Although most taxpayers still file their returns through the mail, the outage created a furor among users of the electronic Intuit (Nasdaq:INTU) services, TurboTax, one of the most popular tax-preparation software packages, and WebTurboTax, an Internet-based preparation service (www.webturbotax.com).
Jennifer Roberts, a spokeswoman for Intuit, blamed the outage on routine computer work that took far longer than anticipated amid the crush of last-minute tax filers. Intuit began a "backup," a computer process that makes a duplicate copy of its data, at midnight EDT, and it continued to run through 3:40 p.m.
Roberts said these processes are normally less disruptive, performed on Friday nights when there is less filing activity. The process usually takes about 11 hours. She said the company made the additional Monday night backup in anticipation of continued heavy filing activity through Thursday.
As of April 1 about 1.2 million tax returns had been filed via WebTurboTax and TurboTax, Ms. Roberts said, and an additional 60,000 have been filed since then.
"Doesn't it seem like pretty poor timing?" said Nigel Goldenfeld, a professor of physics at the University of Illinois, who was frustrated in trying to file his forms Tuesday using TurboTax. "Given that there may be some system problem, I am not going to trust it and will do a paper filing."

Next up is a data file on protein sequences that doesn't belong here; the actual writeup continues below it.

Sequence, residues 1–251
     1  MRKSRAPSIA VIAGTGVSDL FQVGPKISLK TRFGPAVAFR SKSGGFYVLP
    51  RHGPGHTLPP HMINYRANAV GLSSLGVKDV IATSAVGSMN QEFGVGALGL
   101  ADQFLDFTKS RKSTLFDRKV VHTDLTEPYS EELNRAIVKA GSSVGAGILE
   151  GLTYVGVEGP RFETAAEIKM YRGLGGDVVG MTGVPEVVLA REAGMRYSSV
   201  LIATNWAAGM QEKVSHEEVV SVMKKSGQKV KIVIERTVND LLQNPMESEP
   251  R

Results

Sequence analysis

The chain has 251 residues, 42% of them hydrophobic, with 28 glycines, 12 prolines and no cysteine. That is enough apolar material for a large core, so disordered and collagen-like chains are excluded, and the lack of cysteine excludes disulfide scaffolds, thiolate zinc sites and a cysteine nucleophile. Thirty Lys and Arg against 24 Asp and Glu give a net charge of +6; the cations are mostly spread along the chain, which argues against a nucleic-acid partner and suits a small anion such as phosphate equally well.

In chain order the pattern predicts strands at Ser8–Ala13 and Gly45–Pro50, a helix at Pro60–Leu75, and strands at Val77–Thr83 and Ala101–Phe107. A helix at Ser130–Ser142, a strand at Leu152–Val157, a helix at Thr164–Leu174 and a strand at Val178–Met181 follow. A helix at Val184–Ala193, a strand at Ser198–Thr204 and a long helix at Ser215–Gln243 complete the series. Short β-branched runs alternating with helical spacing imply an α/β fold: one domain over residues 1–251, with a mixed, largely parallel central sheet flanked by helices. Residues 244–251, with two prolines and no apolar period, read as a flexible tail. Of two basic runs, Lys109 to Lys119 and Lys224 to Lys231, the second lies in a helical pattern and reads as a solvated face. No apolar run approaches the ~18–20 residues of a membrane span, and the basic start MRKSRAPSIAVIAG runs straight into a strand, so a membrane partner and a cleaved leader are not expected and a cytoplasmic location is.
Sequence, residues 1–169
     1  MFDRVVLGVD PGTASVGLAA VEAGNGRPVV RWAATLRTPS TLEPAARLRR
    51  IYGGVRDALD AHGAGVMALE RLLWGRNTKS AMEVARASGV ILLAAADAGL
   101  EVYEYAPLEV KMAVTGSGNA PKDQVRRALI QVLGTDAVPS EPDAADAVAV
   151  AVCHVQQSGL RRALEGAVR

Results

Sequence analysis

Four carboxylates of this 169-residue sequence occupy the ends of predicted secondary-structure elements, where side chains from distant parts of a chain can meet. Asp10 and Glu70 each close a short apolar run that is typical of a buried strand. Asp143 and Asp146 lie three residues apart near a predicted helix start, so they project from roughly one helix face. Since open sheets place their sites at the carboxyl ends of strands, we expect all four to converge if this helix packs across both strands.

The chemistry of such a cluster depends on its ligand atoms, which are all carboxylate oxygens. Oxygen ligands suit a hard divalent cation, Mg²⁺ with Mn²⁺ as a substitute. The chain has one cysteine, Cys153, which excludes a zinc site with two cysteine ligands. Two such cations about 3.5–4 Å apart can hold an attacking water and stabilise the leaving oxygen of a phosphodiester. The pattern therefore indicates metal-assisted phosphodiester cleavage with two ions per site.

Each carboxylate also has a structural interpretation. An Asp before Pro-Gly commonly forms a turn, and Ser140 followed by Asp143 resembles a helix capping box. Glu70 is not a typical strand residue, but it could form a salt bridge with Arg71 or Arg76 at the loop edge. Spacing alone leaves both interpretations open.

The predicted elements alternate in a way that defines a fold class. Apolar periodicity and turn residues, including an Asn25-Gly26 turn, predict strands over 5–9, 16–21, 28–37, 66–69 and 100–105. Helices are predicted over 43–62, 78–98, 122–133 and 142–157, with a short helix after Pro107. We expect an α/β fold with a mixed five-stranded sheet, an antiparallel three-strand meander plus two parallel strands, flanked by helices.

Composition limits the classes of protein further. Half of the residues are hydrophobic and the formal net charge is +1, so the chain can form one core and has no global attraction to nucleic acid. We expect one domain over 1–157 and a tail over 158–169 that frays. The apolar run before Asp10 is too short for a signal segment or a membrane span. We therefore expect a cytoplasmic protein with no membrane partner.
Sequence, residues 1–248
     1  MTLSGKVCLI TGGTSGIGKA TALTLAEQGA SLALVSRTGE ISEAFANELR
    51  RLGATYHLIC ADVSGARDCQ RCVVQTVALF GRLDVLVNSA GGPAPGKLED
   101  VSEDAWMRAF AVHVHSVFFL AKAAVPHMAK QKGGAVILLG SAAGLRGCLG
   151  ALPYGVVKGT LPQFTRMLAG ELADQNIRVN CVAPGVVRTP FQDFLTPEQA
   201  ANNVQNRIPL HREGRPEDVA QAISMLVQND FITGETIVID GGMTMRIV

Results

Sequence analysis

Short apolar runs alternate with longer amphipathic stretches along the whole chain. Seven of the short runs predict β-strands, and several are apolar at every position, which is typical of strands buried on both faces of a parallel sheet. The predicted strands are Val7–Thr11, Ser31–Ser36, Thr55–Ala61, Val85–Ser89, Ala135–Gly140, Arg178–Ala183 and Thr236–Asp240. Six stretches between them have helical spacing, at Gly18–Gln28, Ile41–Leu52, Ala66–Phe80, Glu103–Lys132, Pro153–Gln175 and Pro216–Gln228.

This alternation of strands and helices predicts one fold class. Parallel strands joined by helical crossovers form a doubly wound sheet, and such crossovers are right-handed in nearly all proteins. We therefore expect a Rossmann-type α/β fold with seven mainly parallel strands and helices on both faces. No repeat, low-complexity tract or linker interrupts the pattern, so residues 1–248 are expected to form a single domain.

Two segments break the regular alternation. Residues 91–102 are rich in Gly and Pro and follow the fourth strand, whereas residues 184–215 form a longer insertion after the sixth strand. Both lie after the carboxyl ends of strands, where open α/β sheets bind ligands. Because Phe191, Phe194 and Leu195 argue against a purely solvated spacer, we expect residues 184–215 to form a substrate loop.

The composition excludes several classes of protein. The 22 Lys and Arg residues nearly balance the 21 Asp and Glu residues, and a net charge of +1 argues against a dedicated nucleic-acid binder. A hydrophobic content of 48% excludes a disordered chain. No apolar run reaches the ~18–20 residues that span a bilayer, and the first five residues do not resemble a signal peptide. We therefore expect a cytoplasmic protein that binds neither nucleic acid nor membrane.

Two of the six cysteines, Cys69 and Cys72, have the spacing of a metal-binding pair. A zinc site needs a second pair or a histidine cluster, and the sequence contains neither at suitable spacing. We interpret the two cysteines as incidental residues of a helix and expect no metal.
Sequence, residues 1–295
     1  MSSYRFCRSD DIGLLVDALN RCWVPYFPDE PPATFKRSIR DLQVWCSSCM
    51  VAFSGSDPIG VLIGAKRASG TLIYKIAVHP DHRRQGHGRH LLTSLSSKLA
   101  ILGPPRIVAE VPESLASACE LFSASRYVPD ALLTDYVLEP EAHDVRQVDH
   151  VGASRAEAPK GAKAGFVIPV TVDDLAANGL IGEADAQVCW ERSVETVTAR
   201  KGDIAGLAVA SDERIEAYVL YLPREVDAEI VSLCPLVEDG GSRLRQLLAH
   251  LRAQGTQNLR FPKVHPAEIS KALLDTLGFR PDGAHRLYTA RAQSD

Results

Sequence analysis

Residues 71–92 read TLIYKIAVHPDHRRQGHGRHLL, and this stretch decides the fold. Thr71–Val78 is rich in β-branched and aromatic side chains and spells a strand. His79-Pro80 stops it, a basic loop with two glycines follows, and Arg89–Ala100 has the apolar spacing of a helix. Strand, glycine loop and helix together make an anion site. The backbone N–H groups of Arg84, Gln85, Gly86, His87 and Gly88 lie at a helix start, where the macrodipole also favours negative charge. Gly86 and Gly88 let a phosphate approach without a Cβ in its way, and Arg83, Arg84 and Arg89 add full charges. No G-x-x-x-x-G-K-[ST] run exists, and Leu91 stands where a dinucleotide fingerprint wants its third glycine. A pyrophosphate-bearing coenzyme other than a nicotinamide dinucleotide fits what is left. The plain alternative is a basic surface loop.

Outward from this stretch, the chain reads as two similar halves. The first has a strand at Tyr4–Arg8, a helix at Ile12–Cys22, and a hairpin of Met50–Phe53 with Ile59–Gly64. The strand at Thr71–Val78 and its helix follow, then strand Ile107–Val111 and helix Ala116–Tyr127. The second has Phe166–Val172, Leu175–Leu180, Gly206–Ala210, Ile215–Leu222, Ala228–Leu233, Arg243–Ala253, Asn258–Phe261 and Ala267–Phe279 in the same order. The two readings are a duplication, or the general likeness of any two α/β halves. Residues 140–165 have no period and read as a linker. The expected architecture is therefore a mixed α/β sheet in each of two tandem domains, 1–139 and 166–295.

Other Intuit users lashed out in an electronic bulletin-board forum that the company operates on the Web.
Geoff Thomas, trade manager with a steam-ship company in Madison, N.J., said he tried repeatedly to file the forms that he prepared using TurboTax. "It makes you want to run for the paper copies. I find it a real scream that they cannot handle filings at this time of the year," he said.
Other electronic-filing services reported heavy traffic, but said their systems were operating properly.
Ray Kingman, president of Thomson Investors Network in Rockville, Md., said the company's electronic-filing program, OneTax.com, had some problems early in the tax-preparation season, but has run smoothly since then. Thomson is a unit of Canada's Thomson Corp.
H&R Block Inc. in Kansas City, Mo., which produces TaxCut Online, has accepted 600,000 electronic returns during the tax season, and hasn't had any computer failures, said Gene Goldenberg, vice president and publisher of the company's Block Financial Corp. unit.
Electronic tax-filing has grown rapidly this year, encouraged by the Internal Revenue Service, which is seeking to reduce paperwork. Companies like Intuit have attracted customers by promising faster refunds than taxpayers would receive through regular mail.